Rev. Joseph Ward, born in Hebron, Washington county, N.Y., Feb. 21, 1795, died in East-Randolph, Wis., Oct. 2, 1861, aged 66 years. Educated in the Calvinistic faith, he suffered intensely from its "Five Points," and would gladly have exchanged his chances with the beasts that perish. When 17 years old be became satisfied that Calvinism was false, and for two years tried to believe Methodism, but failing, he became an avowed skeptic for four years. After his marriage, the contest of doubt and faith was renewed with increased intensity and resulted in belief in Christianity as a revelation of the fatherhood of God and the salvation of all souls; and immediately he began to spread his views abroad. But when charged with believing "Universalism," he indignantly denied the charge! As soon, however, as he ascertained what "Universalism" really was, which he learned from "Ballou on Atonement," he cheerfully assumed the name, and welcomed its reproach; and shortly after (in 1824) preached his first sermon in the school-house of his native district. A Baptist challenged him to preach on Matt. xxv. 46, in an adjoining district, which he did in presence of about 400 persons, including two Partialist clergymen and their deacons. As he concluded, he gave liberty to any one to speak, which being unaccepted, he invited the clergymen by name, when they refused. As the congregation was dismissed one of the deacons asked his minister what he thought of the sermon, and was answered, "the devil helped him-the devil helped him!" But the deacon declared it to be the first intelligible exposition he had ever heard of the subject, and stepping up to the young preacher, said, "Friend Ward! you can preach and you must preach!" And thenceforward he did preach, far and near. In 1826, he received the fellowship of the General Convention, and was ordained at its next session, in 1827. His labors now extended into Canada-East. In 1828, he settled in Barnard, Vt.. In 1832, he was located at Lenoxville, C. E, and preached half the time on a circuit of 70 miles. In 1848 he returned to the States, and after a winter spent in Ohio, removed to Wisconsin where he has been an active missionary, depending mainly for the support of his family on the cultivation of a few acres of land which he owned. In 1857, a stroke of palsy impaired his speech and enfeebled his frame. Since then, he has declined gradually. In September, 1861, he had another attack, and suffered intensely for some weeks-but his departure was easy, and he went cheerfully. Father Ward was a man of great energy and activity, combined with due prudence and consideration. He leaves a wife (his second) and a large family, among whom are ten daughters now living. He was buried with Masonic honors.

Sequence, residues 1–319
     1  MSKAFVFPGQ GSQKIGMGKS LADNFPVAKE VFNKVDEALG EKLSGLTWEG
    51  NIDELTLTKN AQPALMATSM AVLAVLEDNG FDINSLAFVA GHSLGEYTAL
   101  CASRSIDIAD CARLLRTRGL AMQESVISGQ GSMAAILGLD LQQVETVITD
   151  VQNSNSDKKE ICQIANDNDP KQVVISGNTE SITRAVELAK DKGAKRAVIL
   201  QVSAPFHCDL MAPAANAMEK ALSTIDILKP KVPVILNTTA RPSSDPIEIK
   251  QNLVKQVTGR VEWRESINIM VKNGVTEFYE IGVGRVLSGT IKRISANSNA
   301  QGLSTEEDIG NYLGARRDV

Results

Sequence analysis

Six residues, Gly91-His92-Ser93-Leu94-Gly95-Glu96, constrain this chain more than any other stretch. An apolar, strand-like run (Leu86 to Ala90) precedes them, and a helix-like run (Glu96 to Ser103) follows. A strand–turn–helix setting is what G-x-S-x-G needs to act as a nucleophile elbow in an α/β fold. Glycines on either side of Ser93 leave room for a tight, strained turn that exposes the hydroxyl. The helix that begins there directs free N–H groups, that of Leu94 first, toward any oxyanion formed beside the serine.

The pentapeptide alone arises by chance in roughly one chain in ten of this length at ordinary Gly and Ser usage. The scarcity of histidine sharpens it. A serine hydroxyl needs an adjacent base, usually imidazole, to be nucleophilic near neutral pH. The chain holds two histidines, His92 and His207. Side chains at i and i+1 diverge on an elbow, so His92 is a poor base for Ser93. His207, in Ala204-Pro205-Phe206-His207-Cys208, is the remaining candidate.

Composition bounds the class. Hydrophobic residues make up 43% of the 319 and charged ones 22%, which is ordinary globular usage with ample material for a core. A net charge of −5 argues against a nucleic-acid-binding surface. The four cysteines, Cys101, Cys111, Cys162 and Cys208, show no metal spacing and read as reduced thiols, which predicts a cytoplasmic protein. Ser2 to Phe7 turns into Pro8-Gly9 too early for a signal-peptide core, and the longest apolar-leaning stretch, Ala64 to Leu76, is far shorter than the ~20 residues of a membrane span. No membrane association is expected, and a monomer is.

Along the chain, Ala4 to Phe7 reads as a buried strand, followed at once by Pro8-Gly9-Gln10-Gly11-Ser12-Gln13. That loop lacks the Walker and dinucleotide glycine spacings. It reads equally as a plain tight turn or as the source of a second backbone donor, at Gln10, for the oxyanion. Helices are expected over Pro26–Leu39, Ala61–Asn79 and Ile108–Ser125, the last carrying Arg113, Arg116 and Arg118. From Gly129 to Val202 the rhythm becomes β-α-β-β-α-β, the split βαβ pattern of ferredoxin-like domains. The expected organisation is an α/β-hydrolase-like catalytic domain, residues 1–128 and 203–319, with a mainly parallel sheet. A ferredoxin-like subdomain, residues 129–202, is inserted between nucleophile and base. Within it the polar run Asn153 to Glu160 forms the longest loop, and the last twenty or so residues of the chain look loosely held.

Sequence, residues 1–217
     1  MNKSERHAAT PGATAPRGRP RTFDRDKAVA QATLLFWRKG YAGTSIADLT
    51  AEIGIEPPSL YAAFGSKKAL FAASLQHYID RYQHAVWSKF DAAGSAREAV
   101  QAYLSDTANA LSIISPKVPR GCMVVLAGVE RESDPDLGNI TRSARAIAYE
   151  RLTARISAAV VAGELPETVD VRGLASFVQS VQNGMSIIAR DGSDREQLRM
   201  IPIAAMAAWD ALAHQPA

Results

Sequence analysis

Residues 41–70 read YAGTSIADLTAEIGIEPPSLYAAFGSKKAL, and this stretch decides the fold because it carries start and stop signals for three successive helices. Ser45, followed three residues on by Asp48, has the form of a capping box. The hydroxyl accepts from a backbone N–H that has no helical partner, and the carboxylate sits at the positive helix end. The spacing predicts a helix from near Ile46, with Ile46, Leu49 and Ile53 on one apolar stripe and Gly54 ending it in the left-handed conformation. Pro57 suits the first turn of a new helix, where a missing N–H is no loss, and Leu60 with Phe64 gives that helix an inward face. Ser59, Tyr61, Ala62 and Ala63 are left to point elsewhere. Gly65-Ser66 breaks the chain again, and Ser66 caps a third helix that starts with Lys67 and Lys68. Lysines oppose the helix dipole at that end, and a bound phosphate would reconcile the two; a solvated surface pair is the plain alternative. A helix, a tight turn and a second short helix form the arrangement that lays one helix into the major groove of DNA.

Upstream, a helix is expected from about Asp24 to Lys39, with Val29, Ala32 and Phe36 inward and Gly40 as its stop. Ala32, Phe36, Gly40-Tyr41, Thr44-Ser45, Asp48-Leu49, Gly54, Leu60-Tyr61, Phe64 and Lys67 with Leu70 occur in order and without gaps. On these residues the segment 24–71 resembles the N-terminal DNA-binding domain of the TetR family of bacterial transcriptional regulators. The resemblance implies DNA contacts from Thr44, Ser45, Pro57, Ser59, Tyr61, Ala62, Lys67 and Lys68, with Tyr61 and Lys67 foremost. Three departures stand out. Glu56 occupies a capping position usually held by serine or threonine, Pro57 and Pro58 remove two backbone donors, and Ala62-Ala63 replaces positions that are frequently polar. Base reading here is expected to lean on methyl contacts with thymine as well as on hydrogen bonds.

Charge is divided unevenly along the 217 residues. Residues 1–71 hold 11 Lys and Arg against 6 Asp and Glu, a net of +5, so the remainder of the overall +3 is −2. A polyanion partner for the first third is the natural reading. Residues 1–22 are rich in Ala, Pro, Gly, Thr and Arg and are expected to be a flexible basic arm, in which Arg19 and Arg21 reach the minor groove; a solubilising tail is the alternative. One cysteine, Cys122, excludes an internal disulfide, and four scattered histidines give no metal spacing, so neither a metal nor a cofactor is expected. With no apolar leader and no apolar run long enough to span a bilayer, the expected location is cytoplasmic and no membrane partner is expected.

Rev. J. Urner Price, died Oct. 4, 1861, of a wound received the preceding day in the reconnaissance at Cheat Mountain, Va., aged 25 years, leaving a truly widowed wife. He was a graduate of Union College. While he and his wife were conducting an Academy at Urbana, Ill., he became converted from Methodism to Universalism, under the preaching of Rev. T. C. Eaton, and shortly after entered our ministry, receiving our fellowship in 1860. He settled in Terre Haute, and soon became an eloquent preacher. "His whole soul was enlisted in behalf of the principles embodied in the Declaration of Independence, and when this wicked and accursed rebellion broke out, and the President issued his proclamation, calling for 75,000 volunteers, Mr. Price promptly left the sacred desk, where he was rapidly rising in popular favor, to respond to the call of his bleeding country, and enlisted as a private in the 14th Indiana Regiment. And when, upon the expiration of the three months' service, the call was renewed for the war, he, with his entire Regiment, gallantly responded, and were soon ordered to Western Virginia, where he so gloriously fell." He was promoted to be first sergeant of Co. E. of the regiment, and by his cheerful activity in service and his Christian deportment, won the confidence, esteem and love of his fellow officers and soldiers. His thigh was shattered by a minnie ball, and though amputation was resorted to, he died the next day-in the morning of life; of usefulness, and of honor-beloved warmly as a minister and a man.